There is nothing new in Fantastic Four: Rise Of The Silver Surfer. The characters and their powers are exactly as they were in Fantastic Four a couple of years back. Ben Grimm is as unhappy now about his predicament as he was then but love as calmed him a little. Reed Richards appears to have grown somewhat more at ease with his rubbery body while Johnny Storm is, as James Gray put it in his review of the R1 release of this film, as much of a tit as ever while no bookie in the world would offer odds on Sue Storm's invisibility failing her whilst naked and in a crowd of curious New Yorkers. Which is what happened in the first film when she reappeared wearing only her underwear. Fantastic Four: Rise Of The Silver Surfer doesn't even afford her that dignity. But, then again, you can see the producers of Fantastic Four: Rise Of The Silver Surfer thinking that if they don't make good use of Jessica Alba's body, what's the point of having her in the film.
Actually, you can see them thinking that with everything in the film. Why bother to feature Michael Chiklis if you can't clear him up of his acne-on-steroids skin-, bone- and just-about-everything condition that has him named The Thing? Happily for Chiklis, there is just such a moment when he goes back to being good old Ben Grimm and makes up for all of his suffering at the hands of Johnny Storm as the two men swap superpowers. The makers of this film are the same team responsible for Fantastic Four and it's clear they did not discover any wonder potion over the last couple of years. The same gags, the same superheroes and, with Dr Doom, the same villain. There's a reprise of the same set-piece that closed Fantastic Four, a space-cloud that doesn't look very different from the space-cloud that first gave the Fantastic Four their powers and, with the Silver Surfer, they even dust down the same piece of CG software left on the shelf by James Cameron once he'd done with Terminator 2. However, the suits are new, the Fantastic Four travel to London for a Thames-side fight with the Silver Surfer and they have a flying Fantasticar. Let's not say that it's completely lacking in new ideas.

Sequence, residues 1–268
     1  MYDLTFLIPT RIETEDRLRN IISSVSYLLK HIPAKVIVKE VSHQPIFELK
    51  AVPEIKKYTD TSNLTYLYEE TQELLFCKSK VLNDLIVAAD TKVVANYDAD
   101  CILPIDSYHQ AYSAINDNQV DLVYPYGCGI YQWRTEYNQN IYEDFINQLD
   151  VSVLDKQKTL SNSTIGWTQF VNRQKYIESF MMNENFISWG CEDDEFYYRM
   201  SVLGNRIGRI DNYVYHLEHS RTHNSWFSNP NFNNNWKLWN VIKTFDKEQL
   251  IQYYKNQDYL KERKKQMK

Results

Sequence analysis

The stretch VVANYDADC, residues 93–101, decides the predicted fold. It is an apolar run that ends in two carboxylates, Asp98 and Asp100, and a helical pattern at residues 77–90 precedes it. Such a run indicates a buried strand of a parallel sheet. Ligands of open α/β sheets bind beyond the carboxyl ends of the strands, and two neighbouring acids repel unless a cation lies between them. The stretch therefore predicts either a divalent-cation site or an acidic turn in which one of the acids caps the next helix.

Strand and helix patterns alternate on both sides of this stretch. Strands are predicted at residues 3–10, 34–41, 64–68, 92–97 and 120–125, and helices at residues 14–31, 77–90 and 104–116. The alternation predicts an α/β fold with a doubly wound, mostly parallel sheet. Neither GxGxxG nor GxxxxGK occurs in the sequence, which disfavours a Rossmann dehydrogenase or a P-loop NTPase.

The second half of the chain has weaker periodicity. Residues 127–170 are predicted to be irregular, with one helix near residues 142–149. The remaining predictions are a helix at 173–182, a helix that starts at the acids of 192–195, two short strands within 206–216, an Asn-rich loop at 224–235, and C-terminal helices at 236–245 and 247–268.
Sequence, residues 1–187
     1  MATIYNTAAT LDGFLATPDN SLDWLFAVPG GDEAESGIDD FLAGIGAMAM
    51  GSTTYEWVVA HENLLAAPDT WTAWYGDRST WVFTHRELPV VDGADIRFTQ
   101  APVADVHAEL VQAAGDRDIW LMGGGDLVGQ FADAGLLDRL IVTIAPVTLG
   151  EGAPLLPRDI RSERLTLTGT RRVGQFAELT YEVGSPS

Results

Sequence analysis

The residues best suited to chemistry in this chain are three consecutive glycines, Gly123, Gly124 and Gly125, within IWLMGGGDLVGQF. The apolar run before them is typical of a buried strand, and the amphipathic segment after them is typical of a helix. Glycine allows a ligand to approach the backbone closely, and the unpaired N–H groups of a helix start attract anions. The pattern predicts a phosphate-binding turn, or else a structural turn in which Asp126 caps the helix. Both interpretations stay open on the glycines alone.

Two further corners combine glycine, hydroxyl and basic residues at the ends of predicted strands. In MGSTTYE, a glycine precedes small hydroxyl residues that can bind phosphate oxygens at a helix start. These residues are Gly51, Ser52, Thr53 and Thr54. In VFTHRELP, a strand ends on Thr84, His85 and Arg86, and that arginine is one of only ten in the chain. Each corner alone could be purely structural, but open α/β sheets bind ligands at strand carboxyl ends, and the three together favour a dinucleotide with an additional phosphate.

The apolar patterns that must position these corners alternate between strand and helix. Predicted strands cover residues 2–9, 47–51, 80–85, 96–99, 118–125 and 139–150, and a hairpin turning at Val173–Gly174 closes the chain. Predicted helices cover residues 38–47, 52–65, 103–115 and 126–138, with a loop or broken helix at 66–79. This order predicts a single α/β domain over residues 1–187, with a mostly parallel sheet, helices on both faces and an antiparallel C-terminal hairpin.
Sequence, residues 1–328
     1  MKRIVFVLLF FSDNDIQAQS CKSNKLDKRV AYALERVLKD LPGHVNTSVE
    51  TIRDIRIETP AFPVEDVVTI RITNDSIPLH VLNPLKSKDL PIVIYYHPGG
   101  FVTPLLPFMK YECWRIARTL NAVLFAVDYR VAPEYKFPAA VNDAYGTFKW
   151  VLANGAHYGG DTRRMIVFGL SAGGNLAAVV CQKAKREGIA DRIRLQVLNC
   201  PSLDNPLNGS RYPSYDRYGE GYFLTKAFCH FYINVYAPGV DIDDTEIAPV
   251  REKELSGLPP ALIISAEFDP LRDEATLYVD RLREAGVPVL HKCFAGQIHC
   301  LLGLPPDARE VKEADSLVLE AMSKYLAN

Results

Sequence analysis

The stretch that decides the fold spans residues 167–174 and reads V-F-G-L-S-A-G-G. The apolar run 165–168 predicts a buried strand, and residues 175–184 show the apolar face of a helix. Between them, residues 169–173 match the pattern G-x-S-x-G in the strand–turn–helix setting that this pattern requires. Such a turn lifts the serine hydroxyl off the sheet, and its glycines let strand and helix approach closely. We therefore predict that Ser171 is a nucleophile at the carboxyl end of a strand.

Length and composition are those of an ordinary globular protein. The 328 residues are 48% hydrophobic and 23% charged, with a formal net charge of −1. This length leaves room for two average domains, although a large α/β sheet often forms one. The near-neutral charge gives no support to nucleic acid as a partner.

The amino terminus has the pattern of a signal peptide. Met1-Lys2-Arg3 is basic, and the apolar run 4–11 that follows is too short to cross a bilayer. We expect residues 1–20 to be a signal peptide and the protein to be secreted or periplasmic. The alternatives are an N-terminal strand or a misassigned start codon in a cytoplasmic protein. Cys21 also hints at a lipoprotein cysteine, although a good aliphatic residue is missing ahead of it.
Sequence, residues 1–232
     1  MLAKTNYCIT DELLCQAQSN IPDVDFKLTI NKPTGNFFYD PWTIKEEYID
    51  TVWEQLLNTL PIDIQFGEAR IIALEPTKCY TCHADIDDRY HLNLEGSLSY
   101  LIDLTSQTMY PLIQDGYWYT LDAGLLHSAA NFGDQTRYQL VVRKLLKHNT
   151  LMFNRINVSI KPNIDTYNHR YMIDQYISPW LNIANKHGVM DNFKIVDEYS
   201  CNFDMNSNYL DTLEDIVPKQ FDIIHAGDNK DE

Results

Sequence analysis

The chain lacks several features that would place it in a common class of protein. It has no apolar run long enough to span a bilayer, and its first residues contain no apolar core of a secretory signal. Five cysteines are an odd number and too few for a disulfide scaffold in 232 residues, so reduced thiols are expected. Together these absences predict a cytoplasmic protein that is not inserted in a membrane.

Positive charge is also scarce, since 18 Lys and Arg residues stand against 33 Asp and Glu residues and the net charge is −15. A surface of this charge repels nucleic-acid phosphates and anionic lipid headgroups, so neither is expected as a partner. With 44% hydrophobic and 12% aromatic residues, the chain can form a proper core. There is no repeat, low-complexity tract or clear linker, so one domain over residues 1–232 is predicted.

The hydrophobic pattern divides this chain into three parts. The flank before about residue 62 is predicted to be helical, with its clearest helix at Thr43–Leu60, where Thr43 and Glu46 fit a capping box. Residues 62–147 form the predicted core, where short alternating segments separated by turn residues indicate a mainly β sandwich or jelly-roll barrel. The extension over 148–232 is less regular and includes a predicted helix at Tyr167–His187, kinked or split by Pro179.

Let's not be too harsh about it though. There ought to be room for Fantastic Four: Rise Of The Silver Surfer. It's not as much of a shambles as Batman & Robin with its heavily-accented, "Ice to see you!" but neither is it X-Men 2, Superman Returns or Batman Begins. This is a middle-of-the-road film that's not too funny, not too thrilling and not too smart either but a more fitting watch for a family audience, one or two of whom would rather avoid answering difficult questions about a superhero mourning the death of someone they'd loved. Just as there are those who read Watchmen and The Beano - having tried it both ways, a life without The Bash Street Kids isn't half as much fun as one with - there will be those who want both a Spider-Man 2 and a film that has The Thing knocking Dr Doom off an alien surfboard with a giant crane. Fantastic Four: Rise Of The Silver Surfer is for the eight-year-old boy in us, the same kid who cared not a jot for a heroes deeper thoughts but for his knocking villains through brick walls, into the clouds and just plain out with a giant THOCK!